Parties to the contract sign the special document. Parties sign by putting hand written mark on the special document (Art 1728). Here, two things are interesting firstly the law does not allow the use of mechanical process such as stamp; secondly, thumb mark never binds unless it is made in the presence of notary, registrar or  a judge acting in discharge of his duty( Art-1728 (2)

At least two persons sign the special document as witnesses.

The witnesses should have contractual capacity (Art.1729 (1) (Here Krzeczunowicz claims that Art. 1729 and 1730 are redundant (see G. Krzeczunowicz P. 77-78). Although this writer agrees that art 1729 (2), and 1730 are superfluous Art  1729(1) is very much relevant and gives guidelines whether or not minor and judicially interdicted persons can sign juridical acts as a witness. Art 199 (3) forbids minors from entering in to juridical act that binds them. Becoming a witness does not mean performing juridical act since witness cannot ever be bound by mere fact of signing as a witness (Art 1730 (2).

In short, written form for Ethiopian contract law means any special document containing content of a contract signed by parties to the contract and at least two witnesses. 

2.4.6 Other Special Forms

Let us now examine other types of special forms. It is true that there are special forms other than written forms. The question is What are these other special forms? These other special forms should contain contents of the contract in a readable manner. But the thing on which the readable content is found may be a special document, scrape of paper, electronics or any other thing. Moreover; both parties may sign or only one of them sign or none of them may sign. There is no need of witness to sign. The best example of such special forms is commercial instruments. Signing or issuing a commercial instrument is concluding a contract. Such contract should be made in a special form (see Art 735, 748, 761, 767 of commercial code for example). Parties may also agree that the content of contract be concluded when both parties write a letter signed and sealed. They may also agree to reduce their contract in writing and signed by them without any need of witness. They may also determine the number or identity of witnesses. Therefore; when the parties agree to make their contract in special form; they should clearly define what that special form means.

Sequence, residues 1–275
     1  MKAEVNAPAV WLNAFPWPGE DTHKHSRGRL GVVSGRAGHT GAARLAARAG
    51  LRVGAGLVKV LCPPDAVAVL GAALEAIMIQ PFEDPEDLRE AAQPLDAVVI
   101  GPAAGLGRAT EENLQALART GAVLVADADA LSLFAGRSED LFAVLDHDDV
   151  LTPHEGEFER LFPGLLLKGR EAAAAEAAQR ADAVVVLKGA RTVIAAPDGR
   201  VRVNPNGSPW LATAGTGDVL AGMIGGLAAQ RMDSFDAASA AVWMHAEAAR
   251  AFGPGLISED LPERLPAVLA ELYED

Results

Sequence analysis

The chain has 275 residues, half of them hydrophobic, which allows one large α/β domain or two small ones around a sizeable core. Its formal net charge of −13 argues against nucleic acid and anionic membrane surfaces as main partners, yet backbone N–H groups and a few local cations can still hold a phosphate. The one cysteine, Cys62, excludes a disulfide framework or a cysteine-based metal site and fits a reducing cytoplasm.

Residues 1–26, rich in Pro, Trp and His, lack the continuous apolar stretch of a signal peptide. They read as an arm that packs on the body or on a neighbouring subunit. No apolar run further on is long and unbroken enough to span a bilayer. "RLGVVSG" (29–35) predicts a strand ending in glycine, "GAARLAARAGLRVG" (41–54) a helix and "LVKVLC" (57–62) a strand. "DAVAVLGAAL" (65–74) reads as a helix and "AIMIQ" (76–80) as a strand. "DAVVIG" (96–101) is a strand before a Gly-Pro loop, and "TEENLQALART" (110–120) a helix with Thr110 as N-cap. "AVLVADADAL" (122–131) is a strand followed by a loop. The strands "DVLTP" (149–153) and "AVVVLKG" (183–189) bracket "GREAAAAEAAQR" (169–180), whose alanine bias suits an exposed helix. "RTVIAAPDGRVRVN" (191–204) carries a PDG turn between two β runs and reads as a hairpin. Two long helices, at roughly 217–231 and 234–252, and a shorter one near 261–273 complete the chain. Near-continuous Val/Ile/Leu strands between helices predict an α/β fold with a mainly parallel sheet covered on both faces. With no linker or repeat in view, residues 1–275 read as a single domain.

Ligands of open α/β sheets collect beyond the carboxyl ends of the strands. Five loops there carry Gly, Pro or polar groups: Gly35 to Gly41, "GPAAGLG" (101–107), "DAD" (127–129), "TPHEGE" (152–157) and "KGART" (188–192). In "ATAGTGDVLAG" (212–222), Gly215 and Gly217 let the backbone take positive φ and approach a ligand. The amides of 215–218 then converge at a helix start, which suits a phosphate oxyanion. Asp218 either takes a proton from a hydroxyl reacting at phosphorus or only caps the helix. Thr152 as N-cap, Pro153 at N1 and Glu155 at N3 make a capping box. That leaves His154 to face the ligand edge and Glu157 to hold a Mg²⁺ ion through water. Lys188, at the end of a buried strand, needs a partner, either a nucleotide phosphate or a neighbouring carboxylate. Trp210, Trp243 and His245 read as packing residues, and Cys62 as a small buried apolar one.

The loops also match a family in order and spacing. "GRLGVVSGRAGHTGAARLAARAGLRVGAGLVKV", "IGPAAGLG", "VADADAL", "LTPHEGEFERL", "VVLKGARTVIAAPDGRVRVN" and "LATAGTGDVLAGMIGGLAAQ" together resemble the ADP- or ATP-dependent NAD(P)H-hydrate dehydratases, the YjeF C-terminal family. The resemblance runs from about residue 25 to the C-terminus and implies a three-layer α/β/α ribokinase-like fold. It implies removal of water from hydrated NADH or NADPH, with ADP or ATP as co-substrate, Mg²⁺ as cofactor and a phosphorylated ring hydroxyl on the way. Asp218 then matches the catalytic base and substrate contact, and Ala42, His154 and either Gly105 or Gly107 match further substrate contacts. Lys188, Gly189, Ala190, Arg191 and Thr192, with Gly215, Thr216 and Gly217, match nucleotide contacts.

N.B This writer is of opinion that the controversy that has arisen in Ethiopian courts on form of insurance contract is because of confusion between written form and other special form. The civil code provides that insurance contract shall be made in written form (Art. 1725 (b) and has to fulfill the requirement of Art 1727. But the commercial code simply requires that the insurance contract be supported by insurance policy. So the commercial code refers to special forms other than written form. For the commercial code, it is enough if the content of the contract is written down without any need of signature of witnesses. Partnership agreement may also face the same challenge as insurance. Contract of partnership agreements (memorandum of association, articles of association) shall be made in writing (Art.1725(c) and commercial code Art 214). One may argue that partnership agreement shall, therefore; be attested by witnesses. But such argument is contrary to practice and may also be unreasonable imposition. It is better to conclude that partnerships agreement is to be made by other special forms which could be valid if signed by parties to the contract only. Generally, the civil code dealing with form of contract shall be reviewed and distinction should be made between written form and other special forms.